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  • Third book in series!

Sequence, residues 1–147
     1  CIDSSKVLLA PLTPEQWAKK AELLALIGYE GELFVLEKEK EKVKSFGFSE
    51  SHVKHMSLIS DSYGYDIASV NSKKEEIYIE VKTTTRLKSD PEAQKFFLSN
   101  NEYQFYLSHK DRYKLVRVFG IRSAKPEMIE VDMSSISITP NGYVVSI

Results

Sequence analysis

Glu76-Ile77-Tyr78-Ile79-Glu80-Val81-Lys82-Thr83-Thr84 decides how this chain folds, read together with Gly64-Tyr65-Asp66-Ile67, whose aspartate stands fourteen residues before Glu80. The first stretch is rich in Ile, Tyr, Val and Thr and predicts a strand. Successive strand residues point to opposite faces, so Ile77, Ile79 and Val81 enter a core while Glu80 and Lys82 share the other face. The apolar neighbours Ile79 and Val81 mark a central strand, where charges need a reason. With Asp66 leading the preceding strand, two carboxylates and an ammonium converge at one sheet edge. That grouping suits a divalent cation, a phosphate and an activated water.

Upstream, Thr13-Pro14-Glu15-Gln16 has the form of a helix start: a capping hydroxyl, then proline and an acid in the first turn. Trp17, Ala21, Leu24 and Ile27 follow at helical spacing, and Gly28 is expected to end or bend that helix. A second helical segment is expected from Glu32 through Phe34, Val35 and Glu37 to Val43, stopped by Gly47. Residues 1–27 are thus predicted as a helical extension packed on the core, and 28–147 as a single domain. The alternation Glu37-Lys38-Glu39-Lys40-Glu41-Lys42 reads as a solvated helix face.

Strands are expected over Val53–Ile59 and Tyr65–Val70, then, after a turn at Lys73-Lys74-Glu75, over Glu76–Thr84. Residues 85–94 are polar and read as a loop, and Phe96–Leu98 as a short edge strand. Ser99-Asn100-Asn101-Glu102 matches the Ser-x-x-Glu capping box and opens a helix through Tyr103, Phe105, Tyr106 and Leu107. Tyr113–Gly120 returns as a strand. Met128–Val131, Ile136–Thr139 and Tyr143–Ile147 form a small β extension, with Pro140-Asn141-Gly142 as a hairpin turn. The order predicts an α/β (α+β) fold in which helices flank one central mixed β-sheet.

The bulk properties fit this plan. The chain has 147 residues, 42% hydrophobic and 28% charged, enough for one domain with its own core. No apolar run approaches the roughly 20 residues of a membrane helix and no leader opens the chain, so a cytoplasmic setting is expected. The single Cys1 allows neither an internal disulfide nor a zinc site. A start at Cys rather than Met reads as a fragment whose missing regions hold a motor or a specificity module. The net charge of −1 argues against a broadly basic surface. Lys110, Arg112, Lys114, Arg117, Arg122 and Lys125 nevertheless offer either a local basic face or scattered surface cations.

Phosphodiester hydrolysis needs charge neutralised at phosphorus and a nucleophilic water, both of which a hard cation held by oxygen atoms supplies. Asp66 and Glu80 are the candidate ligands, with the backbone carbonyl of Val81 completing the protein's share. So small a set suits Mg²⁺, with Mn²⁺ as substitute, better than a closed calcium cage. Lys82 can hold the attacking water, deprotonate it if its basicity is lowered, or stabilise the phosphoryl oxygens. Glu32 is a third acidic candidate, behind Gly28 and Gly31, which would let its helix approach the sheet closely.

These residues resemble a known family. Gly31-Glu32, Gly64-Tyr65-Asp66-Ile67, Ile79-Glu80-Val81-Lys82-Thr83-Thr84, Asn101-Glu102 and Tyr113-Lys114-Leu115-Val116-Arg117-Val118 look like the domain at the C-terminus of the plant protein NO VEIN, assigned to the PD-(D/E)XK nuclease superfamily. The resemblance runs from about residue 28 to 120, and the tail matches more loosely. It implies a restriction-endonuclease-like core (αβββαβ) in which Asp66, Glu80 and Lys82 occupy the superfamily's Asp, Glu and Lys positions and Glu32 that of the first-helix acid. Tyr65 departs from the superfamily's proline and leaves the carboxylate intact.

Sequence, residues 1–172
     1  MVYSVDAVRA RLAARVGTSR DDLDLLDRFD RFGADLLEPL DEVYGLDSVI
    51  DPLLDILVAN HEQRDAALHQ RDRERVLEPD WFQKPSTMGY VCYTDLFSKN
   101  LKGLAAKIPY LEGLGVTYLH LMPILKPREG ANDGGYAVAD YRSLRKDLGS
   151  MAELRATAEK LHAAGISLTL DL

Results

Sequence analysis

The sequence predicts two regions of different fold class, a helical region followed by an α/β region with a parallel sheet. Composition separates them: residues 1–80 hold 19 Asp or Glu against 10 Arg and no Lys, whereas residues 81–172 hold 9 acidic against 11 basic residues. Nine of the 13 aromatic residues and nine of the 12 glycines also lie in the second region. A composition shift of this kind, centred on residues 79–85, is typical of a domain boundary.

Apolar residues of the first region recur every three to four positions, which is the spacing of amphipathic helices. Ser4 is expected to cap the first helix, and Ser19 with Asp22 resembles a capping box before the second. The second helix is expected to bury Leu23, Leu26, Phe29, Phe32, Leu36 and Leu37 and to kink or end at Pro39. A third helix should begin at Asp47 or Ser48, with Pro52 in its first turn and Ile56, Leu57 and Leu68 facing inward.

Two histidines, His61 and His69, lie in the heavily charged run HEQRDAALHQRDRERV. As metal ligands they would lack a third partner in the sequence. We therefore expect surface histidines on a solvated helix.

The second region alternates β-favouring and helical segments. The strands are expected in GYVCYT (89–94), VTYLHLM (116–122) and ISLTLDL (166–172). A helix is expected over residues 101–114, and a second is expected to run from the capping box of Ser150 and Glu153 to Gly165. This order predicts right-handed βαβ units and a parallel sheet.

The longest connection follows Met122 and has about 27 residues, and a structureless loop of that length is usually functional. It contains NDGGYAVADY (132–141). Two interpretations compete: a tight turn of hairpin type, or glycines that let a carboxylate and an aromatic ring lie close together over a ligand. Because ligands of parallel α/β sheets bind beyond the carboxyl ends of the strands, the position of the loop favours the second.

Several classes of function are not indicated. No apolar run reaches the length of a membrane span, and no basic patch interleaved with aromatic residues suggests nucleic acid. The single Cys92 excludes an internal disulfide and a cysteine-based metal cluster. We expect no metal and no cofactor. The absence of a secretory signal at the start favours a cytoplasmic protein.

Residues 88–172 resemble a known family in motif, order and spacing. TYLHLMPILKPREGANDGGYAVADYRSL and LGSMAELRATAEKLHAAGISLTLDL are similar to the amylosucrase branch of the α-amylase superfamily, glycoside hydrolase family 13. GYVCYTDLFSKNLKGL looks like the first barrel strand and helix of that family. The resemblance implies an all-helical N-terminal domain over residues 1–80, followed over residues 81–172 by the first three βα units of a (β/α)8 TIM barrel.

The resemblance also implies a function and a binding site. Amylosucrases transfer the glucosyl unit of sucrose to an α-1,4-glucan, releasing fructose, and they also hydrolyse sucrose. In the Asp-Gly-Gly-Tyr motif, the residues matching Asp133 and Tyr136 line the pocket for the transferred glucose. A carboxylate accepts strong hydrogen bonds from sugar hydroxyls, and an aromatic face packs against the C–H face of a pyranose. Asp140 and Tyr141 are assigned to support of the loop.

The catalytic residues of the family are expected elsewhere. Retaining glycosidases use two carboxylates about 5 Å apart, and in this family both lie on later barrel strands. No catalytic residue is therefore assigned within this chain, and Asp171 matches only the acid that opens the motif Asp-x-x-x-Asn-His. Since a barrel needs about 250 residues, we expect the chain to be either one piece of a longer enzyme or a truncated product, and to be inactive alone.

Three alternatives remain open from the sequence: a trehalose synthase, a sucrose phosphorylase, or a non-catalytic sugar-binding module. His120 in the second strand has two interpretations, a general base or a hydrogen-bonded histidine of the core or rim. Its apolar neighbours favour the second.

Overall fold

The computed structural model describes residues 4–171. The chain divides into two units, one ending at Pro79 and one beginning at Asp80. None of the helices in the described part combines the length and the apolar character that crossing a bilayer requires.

Whispers in the Reading Room by Shelley Gray is the third book in The Chicago World's Fair Mystery series (though the fair is over in this book). I have read all the books in the series, and this one was my favorite (probably because I could relate to the main character). It is 1894 in Chicago and Lydia Bancroft is a librarian in a small lending library. Lydia loves books and enjoys her job. Sebastian Marks has been coming into the library for quite a while, but he never has checked out a book. He spends the afternoons reading in the reading room. Sebastian Marks runs the Silver Grotto in Camp Creek Alley section of Chicago (a bad section of town). Sebastian dresses like a gentleman (and acts like a gentleman), but he is not. He has educated himself through books. Sebastian does not feel that he is good enough for a lady like Lydia Bancroft (and Lydia, not knowing that he owns a club, believes she is not good enough for Sebastian). One day Sebastian runs into Lydia and her fiancé, Jason Avondale (a gentleman who is a real bottom feeder) at the hotel where he lives. They are having afternoon tea as their first outing as an engaged couple (and without a chaperone). Jason hurts Lydia (grabs her wrist and twists it) and Sebastian intervenes. It is the beginning of their friendship. Could it lead to more? One night Lydia insists on visiting the Silver Grotto (not a good idea). Jason Avondale is killed and left in front of the club. Lydia and Sebastian are suspects in the crime. Who really killed Jason? I found Whispers in the Reading Room to be more of a romance book than a mystery. The mystery was child’s play to solve (very, very easy which was so disappointing). We have the typical back and forth romance. I found the lesser characters to be more interesting. I liked Bridget O’Connell (Sebastian’s personal maid) and Vincent Hunt (manager of Silver Grotto and Sebastian’s personal assistant) to be very compelling characters. Whispers in the Reading Room is supposed to be a Christian book but you would not know it. There is only one very short discussion on religion in the whole book (and it is between Vincent and Bridget). I found Lydia to be a contradiction. In some ways she is a typical bookworm (loves to read, nose always in a book, and very little real life experience). But then Lydia wants to experience life (understandable). When she gets an opportunity, she promptly falls asleep with a book! That makes no sense (especially in a club). This novel felt like it was not edited (needed more work to polish it). I give Whispers in the Reading Room 3 out of 5 stars. I received a complimentary copy of Whispers in the Reading Room from NetGalley in exchange for an honest review.

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